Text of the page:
By John Aguilar
Camera Staff Writer
Weeks before Kaysi McLeod disappeared, her father visited her at the Subway sandwich shop where she worked. They sat at a table together for a few minutes, and Kaysi started to cry.
She said she was “not doing anything to be proud of,” Rob McLeod remembers.
“I told her having an honest job and doing an honest day’s work is something to be proud of,” he said.
McLeod never saw his daughter again.
“I used to be kind of a happy, easygoing person,” he said. “That person’s gone.”
Rob McLeod takes a 100-mile bike ride on Kaysi’s birthday every year. He thinks back on the hopes he had for his daughter.
He wanted to see Kaysi clean up her life, get a career, become a mother one day.
He saw how much she adored her half-sisters — his two daughters with his second wife.
Both of Kaysi’s parents — divorced when she was 4 — think the 19-year-old might have been turning a corner, ready to grow up and take on more responsibilities as an adult.
Lori McLeod said her daughter tested the boundaries like any adolescent. She smoked, pierced her belly button, got tattoos — a four-leaf clover with the Virgo sign on her foot and a fairy on the small of her back.
But she was also a kind and respectful daughter with a love for jewelry-making, drawing, dancing and music, Lori McLeod said.
“She didn’t ever talk back,” she said. “I got very lucky.”
At 15, Kaysi needed some time away from her parents, who didn’t see eye to eye on how to raise her, said her maternal aunt, Donna Harper. The teen moved in with Harper in Phoenix and finished high school there.
“I gave her consistency,” Harper said.
Kaysi worked at a skating rink in her spare time, even driving the Zamboni around the ice.
Tabetha Blow, her best friend in Arizona, said Kaysi had a “passion for life” but fell in with a bad crowd and started messing around with prescription medications.
“She started losing weight rapidly, and she wasn’t herself anymore,” Blow said. “I was really concerned about her at that point.”
When Kaysi moved back to Colorado after graduating in 2001, she looked “strung out,” said Rob McLeod.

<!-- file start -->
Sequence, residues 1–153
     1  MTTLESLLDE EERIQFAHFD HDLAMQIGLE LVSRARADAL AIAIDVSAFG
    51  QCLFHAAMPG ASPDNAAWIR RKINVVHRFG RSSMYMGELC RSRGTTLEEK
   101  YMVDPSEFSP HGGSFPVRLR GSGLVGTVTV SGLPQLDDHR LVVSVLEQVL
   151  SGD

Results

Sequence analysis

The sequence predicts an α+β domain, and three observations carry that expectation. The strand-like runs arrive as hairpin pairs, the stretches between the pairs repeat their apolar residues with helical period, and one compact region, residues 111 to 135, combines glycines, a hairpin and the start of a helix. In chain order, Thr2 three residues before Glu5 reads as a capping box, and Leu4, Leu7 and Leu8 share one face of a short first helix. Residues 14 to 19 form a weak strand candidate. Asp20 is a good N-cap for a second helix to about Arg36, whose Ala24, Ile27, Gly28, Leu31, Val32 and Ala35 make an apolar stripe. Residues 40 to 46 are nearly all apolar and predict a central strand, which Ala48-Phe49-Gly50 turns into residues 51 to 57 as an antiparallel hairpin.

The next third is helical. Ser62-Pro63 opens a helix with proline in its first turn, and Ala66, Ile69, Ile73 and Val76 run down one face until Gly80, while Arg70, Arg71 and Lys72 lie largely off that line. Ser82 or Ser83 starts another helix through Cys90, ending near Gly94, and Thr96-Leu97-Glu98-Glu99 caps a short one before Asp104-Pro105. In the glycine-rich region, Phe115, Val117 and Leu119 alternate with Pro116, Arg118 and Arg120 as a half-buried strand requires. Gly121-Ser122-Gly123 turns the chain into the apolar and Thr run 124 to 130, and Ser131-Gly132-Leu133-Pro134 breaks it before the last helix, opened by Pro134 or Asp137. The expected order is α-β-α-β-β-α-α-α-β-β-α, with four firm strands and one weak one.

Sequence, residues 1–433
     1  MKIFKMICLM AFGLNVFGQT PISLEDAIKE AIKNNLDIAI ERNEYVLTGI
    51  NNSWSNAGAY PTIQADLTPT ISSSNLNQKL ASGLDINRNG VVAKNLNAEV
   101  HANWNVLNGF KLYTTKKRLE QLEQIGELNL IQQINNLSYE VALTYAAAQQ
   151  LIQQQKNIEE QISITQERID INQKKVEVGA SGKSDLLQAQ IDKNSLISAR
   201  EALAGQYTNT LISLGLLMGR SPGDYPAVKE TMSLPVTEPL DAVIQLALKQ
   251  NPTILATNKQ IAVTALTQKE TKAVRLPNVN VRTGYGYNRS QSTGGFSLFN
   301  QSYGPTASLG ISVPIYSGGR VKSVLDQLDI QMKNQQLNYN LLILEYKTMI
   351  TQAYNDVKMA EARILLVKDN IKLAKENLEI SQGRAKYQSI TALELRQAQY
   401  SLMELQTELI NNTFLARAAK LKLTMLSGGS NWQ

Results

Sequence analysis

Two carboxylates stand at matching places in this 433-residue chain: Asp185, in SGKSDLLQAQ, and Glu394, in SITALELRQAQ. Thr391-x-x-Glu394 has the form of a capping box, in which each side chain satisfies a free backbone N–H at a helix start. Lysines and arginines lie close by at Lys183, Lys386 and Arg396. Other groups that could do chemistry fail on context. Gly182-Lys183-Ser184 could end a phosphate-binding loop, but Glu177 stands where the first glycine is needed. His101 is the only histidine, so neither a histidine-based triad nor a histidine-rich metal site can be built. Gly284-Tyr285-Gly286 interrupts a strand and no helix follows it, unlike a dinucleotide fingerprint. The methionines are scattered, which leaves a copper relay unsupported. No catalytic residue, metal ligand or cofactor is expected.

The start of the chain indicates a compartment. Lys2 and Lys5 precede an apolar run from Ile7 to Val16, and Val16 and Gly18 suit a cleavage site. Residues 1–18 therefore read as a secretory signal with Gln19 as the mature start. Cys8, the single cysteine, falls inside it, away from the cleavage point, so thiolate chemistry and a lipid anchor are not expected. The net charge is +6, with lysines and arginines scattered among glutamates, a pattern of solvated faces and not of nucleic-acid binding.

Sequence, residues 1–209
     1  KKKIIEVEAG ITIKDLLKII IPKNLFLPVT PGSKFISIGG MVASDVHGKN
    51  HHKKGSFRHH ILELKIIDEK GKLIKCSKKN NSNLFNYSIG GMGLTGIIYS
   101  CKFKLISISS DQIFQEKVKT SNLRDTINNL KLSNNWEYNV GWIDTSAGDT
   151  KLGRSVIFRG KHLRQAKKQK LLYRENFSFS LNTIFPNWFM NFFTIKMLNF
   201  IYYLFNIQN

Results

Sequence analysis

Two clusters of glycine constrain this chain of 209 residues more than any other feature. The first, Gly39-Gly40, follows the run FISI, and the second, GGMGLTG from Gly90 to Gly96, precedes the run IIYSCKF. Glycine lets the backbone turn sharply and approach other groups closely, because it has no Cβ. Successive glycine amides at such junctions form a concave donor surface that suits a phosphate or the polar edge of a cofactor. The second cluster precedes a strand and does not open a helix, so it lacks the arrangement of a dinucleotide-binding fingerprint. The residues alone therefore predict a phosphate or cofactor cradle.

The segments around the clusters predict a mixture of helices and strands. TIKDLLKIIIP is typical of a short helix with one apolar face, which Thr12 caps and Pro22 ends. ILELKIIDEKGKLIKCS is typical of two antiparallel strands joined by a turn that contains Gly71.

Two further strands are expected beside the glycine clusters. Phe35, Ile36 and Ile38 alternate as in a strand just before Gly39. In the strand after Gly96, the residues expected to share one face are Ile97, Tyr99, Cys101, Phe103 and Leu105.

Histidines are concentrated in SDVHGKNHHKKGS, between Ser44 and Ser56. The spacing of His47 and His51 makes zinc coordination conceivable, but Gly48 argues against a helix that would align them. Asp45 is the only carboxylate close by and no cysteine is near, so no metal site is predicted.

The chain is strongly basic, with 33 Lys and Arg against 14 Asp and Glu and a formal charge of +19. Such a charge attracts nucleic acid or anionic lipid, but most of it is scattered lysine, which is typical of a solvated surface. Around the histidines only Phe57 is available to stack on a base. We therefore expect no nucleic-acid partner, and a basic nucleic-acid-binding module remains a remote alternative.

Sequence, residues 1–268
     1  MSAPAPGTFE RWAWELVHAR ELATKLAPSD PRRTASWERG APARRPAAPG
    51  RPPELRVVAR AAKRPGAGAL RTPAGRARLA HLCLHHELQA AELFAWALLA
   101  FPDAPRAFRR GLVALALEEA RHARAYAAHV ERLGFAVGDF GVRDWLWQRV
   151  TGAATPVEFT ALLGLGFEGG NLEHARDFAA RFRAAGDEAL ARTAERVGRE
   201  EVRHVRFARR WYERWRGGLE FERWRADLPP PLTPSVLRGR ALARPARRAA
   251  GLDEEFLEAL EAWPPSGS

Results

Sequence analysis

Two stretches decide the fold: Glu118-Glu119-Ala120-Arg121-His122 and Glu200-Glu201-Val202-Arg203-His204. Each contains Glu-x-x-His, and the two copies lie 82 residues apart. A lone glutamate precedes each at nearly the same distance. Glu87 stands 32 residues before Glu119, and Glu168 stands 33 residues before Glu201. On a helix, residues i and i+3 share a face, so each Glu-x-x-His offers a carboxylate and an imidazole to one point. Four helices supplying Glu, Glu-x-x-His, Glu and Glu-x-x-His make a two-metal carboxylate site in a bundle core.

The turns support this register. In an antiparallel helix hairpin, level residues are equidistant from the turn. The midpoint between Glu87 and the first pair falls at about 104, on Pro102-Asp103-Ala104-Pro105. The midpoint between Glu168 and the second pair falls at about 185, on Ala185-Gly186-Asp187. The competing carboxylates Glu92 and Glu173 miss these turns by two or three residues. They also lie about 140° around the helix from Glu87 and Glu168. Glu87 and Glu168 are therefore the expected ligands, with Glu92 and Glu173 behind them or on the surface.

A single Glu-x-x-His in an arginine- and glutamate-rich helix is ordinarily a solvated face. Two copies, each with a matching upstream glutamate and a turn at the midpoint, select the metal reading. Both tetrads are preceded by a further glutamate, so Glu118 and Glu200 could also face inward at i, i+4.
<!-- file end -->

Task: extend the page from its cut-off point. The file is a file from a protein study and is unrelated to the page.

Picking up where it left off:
“She was definitely not firing on all cylinders,” he said. “I was just sad for her.”
Kaysi lived with her father in the summer of 2002 and held a customer-service job at Echostar. Rob McLeod told his daughter she needed to clean up her act.
“I love you. I support you,” he remembers telling her. “But if you’re doing that stuff, you can’t be here.”
The same month Kimball entered her life, Kaysi stole a credit card and charged more than $3,400 worth of fraudulent purchases on it, according to police reports. Kimball has never been implicated in that case, but he met with Kaysi privately for nearly an hour just before she confessed to police.
Lori McLeod said she sensed that Kimball tried to drive a wedge between Kaysi and herself, exploiting her daughter’s history of drug use to raise her level of alarm.
That culminated, she said, in August 2003, when Kimball implied Kaysi was using drugs again. McLeod said she’s “thoroughly convinced” Kimball planted the drugs, egging on the ensuing fight and helping Kaysi get set up at the motel where he later picked her up.
“He needed to separate us because he couldn’t take her otherwise,” Lori McLeod said. “Obviously, I blame myself because I’m the one who brought Scott into our lives. I would give anything for a do-over. Life doesn’t offer that.”